These plots show cumulative active fire detections from MODIS and the Visible Infrared Imaging Radiometer Suite (VIIRS) on Suomi NPP through August 22, 2019. The data confirm that 2019 is the highest fire year since 2012 (the start of the VIIRS record) across the seven states that comprise the Brazilian Amazon.
In addition, fires in 2019 are more intense than previous years, as measured in terms of cumulative fire radiative power.
The map above shows active fire detections in Brazil as observed by Terra and Aqua MODIS between August 15-22, 2019. The locations of the fires, shown in orange, have been overlain on nighttime imagery acquired by VIIRS. In these data, cities and towns appear white; forested areas appear black; and tropical savannas and woodland (known in Brazil as Cerrado) appear gray. Note that fire detections in the Brazilian states of Pará and Amazonas are concentrated in bands along the highways BR-163 and BR-230.
Since 2003, MODIS sensors on NASA’s Aqua and Terra satellites have made daily observations of thermal anomalies (usually fires) around the world. The fire detection map on this page is based on data from the Fire Information for Resource Management System(FIRMS), a product developed by the University of Maryland and NASA’s Applied Sciences Program. FIRMS provides near-real-time fire information to natural resource managers and researchers. Note that each point on the map does not necessarily correspond to one fire on the ground. Active fire detections represent the centre of a 1 square kilometer area with one or more thermal anomalies. Sometimes one continuous fire can be recorded as multiple anomalies arranged in a line, representing a fire front.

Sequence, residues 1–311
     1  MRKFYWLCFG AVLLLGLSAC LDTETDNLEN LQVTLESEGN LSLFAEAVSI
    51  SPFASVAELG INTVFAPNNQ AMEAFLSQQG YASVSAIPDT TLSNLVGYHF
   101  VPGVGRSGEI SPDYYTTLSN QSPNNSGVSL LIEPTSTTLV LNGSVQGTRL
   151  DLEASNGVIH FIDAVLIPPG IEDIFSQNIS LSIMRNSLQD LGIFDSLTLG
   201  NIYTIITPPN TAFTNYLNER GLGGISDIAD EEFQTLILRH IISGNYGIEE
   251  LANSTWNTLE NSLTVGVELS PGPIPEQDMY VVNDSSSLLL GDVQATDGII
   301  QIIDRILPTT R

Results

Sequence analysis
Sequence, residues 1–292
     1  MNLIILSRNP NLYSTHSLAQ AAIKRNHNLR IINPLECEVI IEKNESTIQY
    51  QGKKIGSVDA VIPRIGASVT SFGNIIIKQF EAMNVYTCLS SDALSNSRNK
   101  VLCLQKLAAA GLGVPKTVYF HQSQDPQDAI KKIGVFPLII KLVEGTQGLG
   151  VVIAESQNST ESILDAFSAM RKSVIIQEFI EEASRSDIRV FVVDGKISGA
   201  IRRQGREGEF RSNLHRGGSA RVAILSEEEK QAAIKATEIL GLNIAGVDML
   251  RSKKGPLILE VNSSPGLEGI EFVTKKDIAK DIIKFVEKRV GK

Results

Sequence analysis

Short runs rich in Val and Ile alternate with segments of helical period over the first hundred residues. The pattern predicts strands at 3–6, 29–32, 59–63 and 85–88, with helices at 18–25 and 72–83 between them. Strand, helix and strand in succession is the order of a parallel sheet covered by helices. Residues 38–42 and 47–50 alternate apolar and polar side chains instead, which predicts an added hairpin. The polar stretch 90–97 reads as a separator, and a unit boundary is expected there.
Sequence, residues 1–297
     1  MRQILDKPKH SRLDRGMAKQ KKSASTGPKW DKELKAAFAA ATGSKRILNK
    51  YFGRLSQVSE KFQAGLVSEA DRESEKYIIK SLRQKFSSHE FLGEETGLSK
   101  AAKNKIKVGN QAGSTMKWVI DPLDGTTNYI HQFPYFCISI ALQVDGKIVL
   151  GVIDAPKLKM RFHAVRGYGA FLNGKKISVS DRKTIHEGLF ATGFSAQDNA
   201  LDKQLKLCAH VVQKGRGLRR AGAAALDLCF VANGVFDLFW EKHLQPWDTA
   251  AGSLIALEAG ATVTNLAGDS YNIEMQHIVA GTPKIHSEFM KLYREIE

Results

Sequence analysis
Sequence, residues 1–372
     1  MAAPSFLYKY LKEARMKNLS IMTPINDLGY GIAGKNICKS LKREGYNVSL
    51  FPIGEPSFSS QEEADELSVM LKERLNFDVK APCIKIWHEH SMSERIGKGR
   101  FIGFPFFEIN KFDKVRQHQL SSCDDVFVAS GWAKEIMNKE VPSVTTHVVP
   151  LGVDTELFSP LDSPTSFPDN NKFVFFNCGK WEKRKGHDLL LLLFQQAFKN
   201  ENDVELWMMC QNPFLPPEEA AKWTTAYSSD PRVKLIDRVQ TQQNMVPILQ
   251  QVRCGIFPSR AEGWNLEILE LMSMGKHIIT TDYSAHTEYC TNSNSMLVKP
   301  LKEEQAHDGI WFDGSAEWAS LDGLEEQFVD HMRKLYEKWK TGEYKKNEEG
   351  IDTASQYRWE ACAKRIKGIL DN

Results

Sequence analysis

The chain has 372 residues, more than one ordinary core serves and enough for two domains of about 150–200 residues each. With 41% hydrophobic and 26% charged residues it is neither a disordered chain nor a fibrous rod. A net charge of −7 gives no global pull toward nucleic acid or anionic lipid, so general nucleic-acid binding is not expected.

Banner image: This time series shows carbon monoxide associated with fires from the Amazon region in Brazil from Aug. 8-22, 2019. Made with data collected from the Atmospheric Infrared Sounder (AIRS) on NASA’s Aqua satellite, the images map carbon monoxide at approximately 5 500m altitude. Each “day” in the series is made by averaging three day’s-worth of measurements.